Roads. The condition of Virginia roads is tolerable from a maintenance and safety standpoint, but traffic congestion in the Washington and Hampton Roads metropolitan areas has a huge negative economic impact. The average Washington-area commuter experiences 74 hours a year of delay. Despite an increase in transportation funding in 2013, “a network that has grown by 14% over the last 35 years and with every dollar buying less construction work, more funding is needed to maintain safe roadways while adding needed capacity, making this a  high priority for Virginia.”

Schools. More than 1,800 public school buildings serve Virginia’s K-12 students. A comprehensive 2013 analysis found that 60% of schools are at least 40 years old. Estimated renovation costs exceed $18 billion for schools more than 30 years old.

Solid waste. Virginia’s solid waste infrastructure is in “good” condition. Increased recycling, a reduction in out-of-state waste, and the addition of 11 additional waste facilities have increased the state’s capacity from 20 years to 22 years.

Stormwater. About one-third of Virginia’s stormwater infrastructure is more than 30 years old, and much of the remainder was built 25 to 30 years ago. Most stormwater infrastructure has a 50- to 100-year lifespan. But the ASCE report is not impressed. “There are shortcomings to address for state-level, standardized reporting, public education, and ensuring a dedicated source of funding commensurate with the economic benefits of a healthy Chesapeake Bay and Virginia ecosystems.”

Wastewater. Virginia has $6.8 billion in wastewater needs over the next 20 years, a 45% increase from ASCE’s previous report card in 2009. That includes $1 billion for combined-sewer overflow, and much  more to achieve Chesapeake Bay clean water standards. “Virginia has made progress with considerable investments and has a comprehensive plan, but has tremendous challenges ahead.”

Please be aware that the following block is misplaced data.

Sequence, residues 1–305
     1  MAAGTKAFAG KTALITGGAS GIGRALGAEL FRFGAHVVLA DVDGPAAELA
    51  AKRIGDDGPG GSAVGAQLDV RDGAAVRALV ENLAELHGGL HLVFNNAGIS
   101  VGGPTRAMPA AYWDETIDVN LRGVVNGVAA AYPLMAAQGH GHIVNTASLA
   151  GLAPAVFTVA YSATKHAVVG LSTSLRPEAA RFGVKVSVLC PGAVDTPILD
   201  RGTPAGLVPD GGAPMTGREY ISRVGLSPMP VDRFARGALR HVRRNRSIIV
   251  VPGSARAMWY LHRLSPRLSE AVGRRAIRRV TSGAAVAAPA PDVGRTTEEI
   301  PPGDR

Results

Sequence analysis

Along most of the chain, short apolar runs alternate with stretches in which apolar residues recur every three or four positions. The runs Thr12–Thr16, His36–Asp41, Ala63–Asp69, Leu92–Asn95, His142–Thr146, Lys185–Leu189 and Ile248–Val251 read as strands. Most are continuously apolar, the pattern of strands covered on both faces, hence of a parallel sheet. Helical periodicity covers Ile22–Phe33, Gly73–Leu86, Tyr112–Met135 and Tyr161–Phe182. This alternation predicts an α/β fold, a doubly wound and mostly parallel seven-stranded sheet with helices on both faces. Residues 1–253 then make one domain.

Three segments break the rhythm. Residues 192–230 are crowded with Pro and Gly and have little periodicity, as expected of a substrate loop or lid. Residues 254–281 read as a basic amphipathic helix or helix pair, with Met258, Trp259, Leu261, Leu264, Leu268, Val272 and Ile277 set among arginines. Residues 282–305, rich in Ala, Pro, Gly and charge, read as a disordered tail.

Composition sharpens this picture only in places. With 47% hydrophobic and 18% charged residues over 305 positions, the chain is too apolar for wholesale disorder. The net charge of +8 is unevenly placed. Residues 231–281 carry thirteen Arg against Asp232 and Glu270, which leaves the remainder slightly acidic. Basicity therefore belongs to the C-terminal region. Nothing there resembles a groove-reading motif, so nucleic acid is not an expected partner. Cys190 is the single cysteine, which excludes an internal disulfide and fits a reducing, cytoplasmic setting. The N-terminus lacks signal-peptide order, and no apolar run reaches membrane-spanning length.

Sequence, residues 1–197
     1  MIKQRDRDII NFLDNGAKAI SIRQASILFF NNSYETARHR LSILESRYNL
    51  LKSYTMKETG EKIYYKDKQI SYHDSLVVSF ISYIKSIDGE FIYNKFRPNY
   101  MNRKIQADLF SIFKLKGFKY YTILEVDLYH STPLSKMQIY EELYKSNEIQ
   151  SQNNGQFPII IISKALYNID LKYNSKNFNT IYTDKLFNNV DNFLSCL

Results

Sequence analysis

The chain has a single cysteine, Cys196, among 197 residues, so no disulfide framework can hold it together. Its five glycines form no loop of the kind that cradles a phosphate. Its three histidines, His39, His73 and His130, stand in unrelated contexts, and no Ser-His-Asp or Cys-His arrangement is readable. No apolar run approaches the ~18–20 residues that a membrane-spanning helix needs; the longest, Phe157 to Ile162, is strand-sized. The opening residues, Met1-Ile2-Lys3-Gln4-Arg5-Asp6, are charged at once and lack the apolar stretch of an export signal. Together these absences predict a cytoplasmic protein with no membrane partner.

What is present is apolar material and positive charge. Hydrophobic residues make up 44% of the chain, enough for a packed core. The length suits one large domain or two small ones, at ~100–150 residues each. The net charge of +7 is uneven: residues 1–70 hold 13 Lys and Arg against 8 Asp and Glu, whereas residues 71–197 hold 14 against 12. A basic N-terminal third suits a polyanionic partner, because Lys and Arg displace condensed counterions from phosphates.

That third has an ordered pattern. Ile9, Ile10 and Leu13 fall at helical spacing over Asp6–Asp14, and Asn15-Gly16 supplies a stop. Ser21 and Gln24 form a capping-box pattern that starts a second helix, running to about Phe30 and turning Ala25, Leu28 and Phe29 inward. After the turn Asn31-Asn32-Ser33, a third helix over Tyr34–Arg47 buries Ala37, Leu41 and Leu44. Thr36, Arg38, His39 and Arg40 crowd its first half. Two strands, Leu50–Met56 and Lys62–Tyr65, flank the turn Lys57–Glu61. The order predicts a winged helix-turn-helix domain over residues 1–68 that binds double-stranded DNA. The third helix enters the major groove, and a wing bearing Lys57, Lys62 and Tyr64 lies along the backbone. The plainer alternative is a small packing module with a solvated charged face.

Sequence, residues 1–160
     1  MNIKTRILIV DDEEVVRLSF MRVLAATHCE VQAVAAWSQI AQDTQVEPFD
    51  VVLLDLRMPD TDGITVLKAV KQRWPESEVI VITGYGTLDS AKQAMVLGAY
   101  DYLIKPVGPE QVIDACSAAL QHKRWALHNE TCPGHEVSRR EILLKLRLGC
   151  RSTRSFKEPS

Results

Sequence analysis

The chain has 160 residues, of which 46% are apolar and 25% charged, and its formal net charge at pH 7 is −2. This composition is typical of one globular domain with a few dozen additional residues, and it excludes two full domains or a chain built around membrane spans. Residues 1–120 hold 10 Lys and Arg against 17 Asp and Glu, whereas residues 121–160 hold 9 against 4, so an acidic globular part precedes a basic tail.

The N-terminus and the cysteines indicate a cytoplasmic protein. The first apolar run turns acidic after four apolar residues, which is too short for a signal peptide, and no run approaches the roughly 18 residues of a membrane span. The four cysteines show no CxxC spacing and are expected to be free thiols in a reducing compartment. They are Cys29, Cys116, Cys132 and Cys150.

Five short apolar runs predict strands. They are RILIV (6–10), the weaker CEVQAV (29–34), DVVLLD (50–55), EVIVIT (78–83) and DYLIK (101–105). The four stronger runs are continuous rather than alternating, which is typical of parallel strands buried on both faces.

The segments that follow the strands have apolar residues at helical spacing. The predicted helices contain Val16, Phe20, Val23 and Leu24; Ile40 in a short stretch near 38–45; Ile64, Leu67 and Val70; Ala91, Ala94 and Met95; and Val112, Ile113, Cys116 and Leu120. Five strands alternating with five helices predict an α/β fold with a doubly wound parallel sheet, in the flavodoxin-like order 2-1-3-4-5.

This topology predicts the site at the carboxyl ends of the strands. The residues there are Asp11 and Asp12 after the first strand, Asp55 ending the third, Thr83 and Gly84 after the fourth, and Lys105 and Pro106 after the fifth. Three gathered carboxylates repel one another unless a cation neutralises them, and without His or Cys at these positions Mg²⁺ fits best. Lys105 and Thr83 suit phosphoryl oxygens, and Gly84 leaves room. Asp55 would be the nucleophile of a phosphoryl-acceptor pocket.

I don’t share the ASCE’s sense of urgency for every category. If we want to reduce traffic congestion, there are alternatives to building more road and transit projects: (1) reforming land use to provide a better balance of jobs, housing and amenities, and (2) accelerating the Uber-ization of ride sharing in order to reduce the number of single-occupancy vehicles on the road. I also question whether 40 years is an appropriate standard for rehabilitating or replacing school buildings. Clearly, many schools need rehabbing, but the study may overstate the number.

Even with these caveats, Virginia’s infrastructure deficit runs into the billions of dollars. And this analysis does not address recurrent flooding, an increasing problem in Hampton Roads. On top of all the other issues mentioned above, hardening the region’s infrastructure will cost billions of dollars of dollars more.

Update: Charles Marohn over at the Strong Towns blog eviscerates the ASCE report, which he describes as a “propaganda document.”

The reason why we can’t maintain our infrastructure is not because we lack the money or are afraid to spend it. It is because the systems we have built and the decisions we’ve made on what is a good investment are based on the kind of ridiculous math you see reflected in this ASCE report. We spend a billion here and a billion there and we get nothing but a couple minutes shaved off of our commutes, which just means we can build more roads and live further away from where we work. (Or, as we call that here in America: growth.)